Vol. 2, Issue 14
July 4, 2007

The month of July is named after Julius Caesar, whose astronomer, an Egyptian named Sosigines, completely overhauled the horribly inaccurate and inefficient old Roman calendar and created the one used ever since throughout the world (with some minor corrections in the 16th century). As you're driving your family down the road on vacation, or lying in your hammock with a glass of lemonade after mowing the lawn, or sipping iced tea with your neighbors on the deck, consider how essential an accurate and widely accepted calendar is for modern international culture and business, and then reflect yet again on how much we owe to the ancient Romans.

Due to my travel and other busy-ness, the rest of this issue will consist only of a couple of quotes from Edward Gibbon's _The Decline and Fall of the Roman Empire_, which is my summer reading. I hope you will slowly read and carefully reflect on these -- they're well worth it -- and I hope you enjoy this bouquet of musings.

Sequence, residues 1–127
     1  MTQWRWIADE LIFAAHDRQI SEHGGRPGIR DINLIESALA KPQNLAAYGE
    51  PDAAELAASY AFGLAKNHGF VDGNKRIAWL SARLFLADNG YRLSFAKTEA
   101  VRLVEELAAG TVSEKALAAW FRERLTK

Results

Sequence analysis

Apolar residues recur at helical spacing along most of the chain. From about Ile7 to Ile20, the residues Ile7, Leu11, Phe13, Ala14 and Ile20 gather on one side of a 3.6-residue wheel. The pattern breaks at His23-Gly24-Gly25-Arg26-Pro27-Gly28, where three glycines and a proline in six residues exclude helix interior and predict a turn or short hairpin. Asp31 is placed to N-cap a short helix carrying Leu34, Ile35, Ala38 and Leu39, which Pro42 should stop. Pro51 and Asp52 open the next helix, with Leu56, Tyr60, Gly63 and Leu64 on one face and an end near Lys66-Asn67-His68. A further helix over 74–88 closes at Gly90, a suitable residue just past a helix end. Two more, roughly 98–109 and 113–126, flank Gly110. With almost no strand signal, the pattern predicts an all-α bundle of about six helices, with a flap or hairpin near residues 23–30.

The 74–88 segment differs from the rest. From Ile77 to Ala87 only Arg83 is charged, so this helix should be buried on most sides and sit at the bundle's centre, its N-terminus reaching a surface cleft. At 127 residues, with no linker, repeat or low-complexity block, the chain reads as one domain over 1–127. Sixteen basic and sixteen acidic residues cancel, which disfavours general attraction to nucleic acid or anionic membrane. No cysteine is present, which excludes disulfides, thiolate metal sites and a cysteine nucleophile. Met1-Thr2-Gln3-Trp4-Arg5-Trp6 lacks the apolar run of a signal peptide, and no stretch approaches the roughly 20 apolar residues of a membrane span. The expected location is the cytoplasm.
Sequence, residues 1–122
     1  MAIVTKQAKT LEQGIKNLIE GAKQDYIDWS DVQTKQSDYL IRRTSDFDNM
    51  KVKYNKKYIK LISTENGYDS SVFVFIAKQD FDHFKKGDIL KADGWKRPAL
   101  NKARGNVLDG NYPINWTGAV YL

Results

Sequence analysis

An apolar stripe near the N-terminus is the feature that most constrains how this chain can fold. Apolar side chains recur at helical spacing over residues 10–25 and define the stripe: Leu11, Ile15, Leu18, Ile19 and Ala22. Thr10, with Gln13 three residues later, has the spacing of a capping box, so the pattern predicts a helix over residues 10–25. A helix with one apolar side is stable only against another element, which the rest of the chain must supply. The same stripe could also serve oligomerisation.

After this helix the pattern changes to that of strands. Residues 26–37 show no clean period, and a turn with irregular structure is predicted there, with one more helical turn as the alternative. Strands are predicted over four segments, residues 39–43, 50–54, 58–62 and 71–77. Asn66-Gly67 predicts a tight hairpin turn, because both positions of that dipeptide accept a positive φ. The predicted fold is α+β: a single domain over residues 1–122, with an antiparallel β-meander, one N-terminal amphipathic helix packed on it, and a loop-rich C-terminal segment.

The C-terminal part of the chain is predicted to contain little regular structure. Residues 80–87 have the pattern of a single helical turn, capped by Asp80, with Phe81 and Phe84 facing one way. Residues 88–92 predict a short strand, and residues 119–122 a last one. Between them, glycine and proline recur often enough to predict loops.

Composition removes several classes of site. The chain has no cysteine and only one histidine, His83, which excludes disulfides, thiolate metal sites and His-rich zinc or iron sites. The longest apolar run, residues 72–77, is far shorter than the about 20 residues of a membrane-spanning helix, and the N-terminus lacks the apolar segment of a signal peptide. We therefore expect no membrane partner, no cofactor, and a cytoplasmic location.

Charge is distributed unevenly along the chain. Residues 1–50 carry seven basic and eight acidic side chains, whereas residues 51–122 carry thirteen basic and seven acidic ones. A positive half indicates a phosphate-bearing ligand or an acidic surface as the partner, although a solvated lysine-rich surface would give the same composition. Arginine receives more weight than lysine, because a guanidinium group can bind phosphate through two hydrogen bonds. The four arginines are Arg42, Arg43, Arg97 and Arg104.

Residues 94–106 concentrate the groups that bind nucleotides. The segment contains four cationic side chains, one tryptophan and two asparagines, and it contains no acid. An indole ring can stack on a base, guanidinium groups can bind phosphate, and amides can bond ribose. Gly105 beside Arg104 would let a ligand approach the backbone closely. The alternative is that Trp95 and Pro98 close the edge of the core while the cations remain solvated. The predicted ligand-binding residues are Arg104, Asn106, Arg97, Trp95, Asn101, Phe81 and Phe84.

COGITEM -- A Thought For the 4th of July

"Augustus was sensible that mankind is governed by names; nor was he deceived in his expectation, that the senate and people would submit to slavery, provided they were respectfully assured that they still enjoyed their ancient freedom."

(Chapter III)



"The use of letters is the principal circumstance that distinguishes a civilized people from a herd of savages incapable of knowledge or reflection. Without that artificial help, the human memory soon dissipates or corrupts the ideas intrusted to her charge; and the nobler faculties of the mind, no longer supplied with models or with materials, gradually forget their powers; the judgment becomes feeble and lethargic, the imagination languid or irregular. Fully to apprehend this important truth, let us attempt, in an improved society, to calculate the immense distance between the man of learning and the illiterate peasant. The former, by reading and reflection, multiplies his own experience, and lives in distant ages and remote countries; whilst the latter, rooted to a single spot, and confined to a few years of existence, surpasses, but very little, his fellow-labourer the ox in the exercise of his mental faculties."

(Chap. IX)